The IEEE Guidelines for Use of Extended Unique Identifier (EUI), Organizationally Unique Identifier (OUI), and Company ID (CID) [PDF] have a section titled, "Mapping an EUI-48 to an EUI-64". This section starts:
Mapping an EUI-48 to an EUI-64 is deprecated.
And yet, use of this algorithm for converting EUI-48 to EUI-64 in order to form "interface identifiers" seems to be codified in IPv6 standards (see appendix A).
The IEEE documentation states that the mapping algorithm is deprecated because,
Mapping an EUI-48 assigned with an MA-S/OUI-36 or MA-M assignment to an EUI-64 potentially creates a duplicate of an EUI-64 assigned with a different MA-S/OUI-36 or MA-M. The IEEE RA has taken appropriate actions to mitigate creation of duplicates based on this mapping but, to protect the integrity of EUI-64 identifiers, this mapping is deprecated.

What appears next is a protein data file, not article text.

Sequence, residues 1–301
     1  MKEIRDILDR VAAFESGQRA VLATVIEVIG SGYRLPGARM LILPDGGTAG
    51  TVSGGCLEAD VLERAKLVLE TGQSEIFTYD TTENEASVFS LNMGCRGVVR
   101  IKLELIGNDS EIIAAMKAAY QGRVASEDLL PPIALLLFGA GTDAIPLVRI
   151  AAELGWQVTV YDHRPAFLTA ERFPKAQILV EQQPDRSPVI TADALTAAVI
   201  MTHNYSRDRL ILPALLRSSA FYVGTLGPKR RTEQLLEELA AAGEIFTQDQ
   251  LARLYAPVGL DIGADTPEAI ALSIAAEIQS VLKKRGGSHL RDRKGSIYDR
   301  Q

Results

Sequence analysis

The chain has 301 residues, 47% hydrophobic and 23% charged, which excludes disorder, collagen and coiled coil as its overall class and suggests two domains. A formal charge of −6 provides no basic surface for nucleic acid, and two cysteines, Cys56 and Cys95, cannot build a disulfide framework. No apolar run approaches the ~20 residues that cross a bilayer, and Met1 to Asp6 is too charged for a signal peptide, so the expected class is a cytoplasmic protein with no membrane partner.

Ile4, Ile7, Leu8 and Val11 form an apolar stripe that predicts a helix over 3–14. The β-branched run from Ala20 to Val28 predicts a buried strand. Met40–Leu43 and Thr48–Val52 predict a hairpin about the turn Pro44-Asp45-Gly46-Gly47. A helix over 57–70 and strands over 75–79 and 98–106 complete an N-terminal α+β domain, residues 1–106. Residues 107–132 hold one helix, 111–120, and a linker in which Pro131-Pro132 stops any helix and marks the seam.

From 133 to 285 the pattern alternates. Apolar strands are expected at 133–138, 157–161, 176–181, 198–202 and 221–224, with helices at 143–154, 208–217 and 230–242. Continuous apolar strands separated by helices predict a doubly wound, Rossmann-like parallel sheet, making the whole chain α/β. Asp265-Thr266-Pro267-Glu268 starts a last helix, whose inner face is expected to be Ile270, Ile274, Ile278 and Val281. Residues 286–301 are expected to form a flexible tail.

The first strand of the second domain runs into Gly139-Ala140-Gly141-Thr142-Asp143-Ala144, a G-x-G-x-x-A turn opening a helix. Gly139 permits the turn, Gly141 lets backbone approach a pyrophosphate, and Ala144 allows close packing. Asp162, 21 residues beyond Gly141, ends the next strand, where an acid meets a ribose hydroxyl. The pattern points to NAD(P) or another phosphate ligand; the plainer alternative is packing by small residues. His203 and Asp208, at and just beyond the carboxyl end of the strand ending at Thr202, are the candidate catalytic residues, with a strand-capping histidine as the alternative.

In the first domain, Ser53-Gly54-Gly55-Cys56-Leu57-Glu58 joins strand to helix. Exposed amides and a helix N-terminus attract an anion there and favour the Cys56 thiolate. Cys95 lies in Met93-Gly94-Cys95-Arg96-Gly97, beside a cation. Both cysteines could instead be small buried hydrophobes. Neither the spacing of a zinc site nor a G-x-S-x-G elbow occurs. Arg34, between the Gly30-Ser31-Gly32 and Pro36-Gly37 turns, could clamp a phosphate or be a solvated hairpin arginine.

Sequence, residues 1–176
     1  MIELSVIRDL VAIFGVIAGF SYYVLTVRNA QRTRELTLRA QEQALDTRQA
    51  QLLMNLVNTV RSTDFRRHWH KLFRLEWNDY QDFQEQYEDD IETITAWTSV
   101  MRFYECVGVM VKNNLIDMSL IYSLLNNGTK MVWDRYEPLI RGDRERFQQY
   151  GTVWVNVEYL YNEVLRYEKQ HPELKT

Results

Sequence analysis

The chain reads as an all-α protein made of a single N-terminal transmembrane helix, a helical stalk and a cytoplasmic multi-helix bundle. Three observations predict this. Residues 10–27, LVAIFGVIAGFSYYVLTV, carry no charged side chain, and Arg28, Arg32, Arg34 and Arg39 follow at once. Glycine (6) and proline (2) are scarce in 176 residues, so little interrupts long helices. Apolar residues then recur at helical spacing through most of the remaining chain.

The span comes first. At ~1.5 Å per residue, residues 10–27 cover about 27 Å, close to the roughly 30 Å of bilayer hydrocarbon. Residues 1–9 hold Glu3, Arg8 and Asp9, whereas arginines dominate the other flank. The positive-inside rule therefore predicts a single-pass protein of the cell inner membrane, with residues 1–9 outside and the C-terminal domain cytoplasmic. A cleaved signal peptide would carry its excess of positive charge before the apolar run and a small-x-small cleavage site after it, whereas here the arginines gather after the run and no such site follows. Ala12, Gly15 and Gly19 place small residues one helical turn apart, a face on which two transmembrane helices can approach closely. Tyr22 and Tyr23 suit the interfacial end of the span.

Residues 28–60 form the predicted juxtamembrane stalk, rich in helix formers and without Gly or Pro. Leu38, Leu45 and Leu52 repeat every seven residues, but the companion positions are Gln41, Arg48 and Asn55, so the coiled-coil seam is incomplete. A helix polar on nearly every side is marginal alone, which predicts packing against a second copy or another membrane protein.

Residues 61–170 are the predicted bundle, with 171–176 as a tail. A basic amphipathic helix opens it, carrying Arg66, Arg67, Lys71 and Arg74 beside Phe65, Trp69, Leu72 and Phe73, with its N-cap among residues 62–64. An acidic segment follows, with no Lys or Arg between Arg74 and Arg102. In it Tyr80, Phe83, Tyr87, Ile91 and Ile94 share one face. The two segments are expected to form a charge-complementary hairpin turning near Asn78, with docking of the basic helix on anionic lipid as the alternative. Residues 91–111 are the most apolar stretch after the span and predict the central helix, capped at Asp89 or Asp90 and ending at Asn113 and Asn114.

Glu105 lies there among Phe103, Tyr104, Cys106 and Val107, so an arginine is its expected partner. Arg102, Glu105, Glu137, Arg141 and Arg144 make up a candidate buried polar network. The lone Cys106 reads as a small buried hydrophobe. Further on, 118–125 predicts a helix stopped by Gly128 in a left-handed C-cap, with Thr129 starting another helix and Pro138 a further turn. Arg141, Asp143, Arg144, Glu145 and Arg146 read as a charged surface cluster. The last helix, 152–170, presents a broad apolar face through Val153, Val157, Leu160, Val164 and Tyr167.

- How is it possible that there could ever be a duplicate EUI-64 when using this algorithm, assuming all parties correctly and completely follow the IEEE standards?
- Why does IPv6 specify the use of this "deprecated" algorithm for converting EUI-48 to EUI-64? Or is use of this algorithm not technically, officially part of IPv6? (IMHO it is absolutely a de facto standard, in any case, but here I am asking about the de jure standard, so-to-speak.)